Well-being and Happiness – PERMA

All pupils from ages of 9-18 are given the knowledge and understanding of the five pillars of sustained well-being and happiness as espoused by the positive psychologist Dr Martin Seligman and his PERMA model. PERMA is displayed in every classroom and an explicit link is made between each of its components and the curriculum and particularly the significant transformative elements of the school co-curriculum.

If you were asked: “Are you happy?” You might flounder with that question. It is a question that would give even the most reflective adult deep pause for thought! PERMA gives the school community an acronym which breaks the answering of that question down into simple parts. It encourages wholesome reflection on life and on work/life balance. So what is PERMA?:

The Five Pillars of Wellbeing

P Positivity

E Engagement

R Relationships

M Meaning

A Achievement

*(which must involve endurance and resisting the temptation of the immediate in order to foster a knowledge of the power of delayed self-gratification e.g. the Duke of Edinburgh Award Scheme; going over an obstacle course in the school Combined Cadet Force; earning a martial arts belt, spending two hours on a Geography project rather than playing on an X box or mastering anything that you thought yourself incapable of doing and the well-being, self confidence and increase in self-esteem that accrues from that mastery).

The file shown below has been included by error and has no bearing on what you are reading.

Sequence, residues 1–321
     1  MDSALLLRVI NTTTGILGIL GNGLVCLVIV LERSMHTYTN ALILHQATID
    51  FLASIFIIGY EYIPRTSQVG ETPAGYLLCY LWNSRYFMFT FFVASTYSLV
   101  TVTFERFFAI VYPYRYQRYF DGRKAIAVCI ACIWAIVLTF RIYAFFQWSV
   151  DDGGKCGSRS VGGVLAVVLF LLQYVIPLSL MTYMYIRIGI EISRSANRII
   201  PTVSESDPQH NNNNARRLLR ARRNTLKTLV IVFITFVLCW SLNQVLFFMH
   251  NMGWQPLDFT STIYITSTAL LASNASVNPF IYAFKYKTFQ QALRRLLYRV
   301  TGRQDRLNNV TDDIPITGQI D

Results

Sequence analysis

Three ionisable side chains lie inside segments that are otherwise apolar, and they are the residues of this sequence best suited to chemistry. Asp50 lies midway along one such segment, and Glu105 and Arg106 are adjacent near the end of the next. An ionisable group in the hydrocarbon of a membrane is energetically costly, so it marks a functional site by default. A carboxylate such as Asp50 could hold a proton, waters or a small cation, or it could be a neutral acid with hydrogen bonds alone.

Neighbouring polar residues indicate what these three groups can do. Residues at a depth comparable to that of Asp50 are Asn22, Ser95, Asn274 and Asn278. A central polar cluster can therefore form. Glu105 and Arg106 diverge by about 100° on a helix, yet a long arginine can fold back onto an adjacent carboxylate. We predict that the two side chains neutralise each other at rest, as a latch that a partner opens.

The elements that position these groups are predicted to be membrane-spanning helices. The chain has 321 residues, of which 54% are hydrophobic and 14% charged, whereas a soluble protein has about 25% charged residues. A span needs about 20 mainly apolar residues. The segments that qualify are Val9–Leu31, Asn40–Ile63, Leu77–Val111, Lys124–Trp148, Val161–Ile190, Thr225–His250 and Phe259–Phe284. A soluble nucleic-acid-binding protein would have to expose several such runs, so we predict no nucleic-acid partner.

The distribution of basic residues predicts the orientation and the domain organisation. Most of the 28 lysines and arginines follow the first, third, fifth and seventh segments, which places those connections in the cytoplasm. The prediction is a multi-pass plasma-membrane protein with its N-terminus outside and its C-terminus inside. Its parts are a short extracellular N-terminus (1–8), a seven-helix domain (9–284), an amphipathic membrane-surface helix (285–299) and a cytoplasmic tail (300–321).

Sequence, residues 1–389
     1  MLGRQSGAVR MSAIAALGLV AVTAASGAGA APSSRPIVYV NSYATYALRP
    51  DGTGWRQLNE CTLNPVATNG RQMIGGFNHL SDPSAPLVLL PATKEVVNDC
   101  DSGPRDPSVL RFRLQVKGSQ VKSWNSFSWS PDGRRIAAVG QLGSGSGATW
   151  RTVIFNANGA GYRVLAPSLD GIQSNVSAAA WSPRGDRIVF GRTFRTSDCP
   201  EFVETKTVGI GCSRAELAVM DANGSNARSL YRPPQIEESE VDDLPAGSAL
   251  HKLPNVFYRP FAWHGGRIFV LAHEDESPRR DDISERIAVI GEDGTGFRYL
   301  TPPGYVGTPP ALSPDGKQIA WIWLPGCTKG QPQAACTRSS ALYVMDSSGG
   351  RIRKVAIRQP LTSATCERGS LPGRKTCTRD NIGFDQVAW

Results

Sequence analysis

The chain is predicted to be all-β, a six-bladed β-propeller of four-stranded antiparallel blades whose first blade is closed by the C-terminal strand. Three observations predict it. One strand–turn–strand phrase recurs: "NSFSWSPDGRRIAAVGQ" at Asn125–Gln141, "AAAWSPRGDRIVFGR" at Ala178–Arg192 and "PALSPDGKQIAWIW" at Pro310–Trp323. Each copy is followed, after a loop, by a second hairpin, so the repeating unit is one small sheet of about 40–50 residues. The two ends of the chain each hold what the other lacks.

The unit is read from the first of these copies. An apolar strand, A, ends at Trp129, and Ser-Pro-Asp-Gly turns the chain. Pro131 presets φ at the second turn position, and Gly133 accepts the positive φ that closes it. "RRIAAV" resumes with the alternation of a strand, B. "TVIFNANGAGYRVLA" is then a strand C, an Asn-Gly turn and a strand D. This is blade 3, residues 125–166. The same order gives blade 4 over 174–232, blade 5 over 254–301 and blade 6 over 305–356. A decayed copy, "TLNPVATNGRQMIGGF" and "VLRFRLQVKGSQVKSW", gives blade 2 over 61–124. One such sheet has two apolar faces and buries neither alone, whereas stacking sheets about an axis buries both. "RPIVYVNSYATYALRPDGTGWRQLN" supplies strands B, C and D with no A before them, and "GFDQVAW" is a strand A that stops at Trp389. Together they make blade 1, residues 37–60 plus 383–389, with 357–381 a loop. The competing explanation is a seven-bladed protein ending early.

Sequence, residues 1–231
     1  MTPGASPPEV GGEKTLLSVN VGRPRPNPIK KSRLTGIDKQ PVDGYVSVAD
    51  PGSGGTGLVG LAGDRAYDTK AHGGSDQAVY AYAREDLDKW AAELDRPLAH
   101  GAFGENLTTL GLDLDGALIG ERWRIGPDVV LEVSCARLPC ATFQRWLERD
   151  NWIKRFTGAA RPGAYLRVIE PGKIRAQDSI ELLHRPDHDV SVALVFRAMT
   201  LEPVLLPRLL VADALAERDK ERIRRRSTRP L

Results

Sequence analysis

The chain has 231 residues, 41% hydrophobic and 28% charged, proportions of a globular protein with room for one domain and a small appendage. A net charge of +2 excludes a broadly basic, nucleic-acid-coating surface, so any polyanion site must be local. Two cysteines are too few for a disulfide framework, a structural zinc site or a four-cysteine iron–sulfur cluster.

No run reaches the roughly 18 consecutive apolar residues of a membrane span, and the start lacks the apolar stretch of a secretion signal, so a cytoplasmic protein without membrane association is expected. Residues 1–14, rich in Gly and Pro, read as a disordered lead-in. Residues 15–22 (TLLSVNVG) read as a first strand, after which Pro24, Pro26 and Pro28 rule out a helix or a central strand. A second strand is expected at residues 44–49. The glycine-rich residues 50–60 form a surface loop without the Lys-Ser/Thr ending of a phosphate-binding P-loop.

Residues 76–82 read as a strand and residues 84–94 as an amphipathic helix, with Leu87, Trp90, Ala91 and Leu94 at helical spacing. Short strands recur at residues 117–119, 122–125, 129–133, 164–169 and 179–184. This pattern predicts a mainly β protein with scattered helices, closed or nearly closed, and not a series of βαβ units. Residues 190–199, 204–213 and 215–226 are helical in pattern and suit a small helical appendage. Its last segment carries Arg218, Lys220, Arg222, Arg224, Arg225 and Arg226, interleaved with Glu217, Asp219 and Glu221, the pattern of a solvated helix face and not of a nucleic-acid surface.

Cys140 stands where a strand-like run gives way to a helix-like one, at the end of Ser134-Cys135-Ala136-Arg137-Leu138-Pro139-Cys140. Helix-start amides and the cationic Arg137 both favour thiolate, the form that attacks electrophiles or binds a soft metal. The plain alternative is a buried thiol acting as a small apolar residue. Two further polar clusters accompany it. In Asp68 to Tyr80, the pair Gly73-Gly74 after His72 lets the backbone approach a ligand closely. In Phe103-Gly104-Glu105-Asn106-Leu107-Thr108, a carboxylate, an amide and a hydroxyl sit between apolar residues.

The Marshmallow Experiment

The Stanford marshmallow experiment was a series of studies on delayed gratification in the late 1960s and early 1970s led by psychologist Walter Mischel, then a professor at Stanford University. In these studies, a child was offered a choice between one small reward provided immediately or two small rewards if they waited for a short period, approximately 15 minutes, during which the tester left the room and then returned. (The reward was sometimes a marshmallow. In follow-up studies, the researchers found that children who were able to wait longer for the preferred rewards had better life outcomes, as measured by SAT scores, educational attainment, body mass index (BMI), and other life and well-being measures.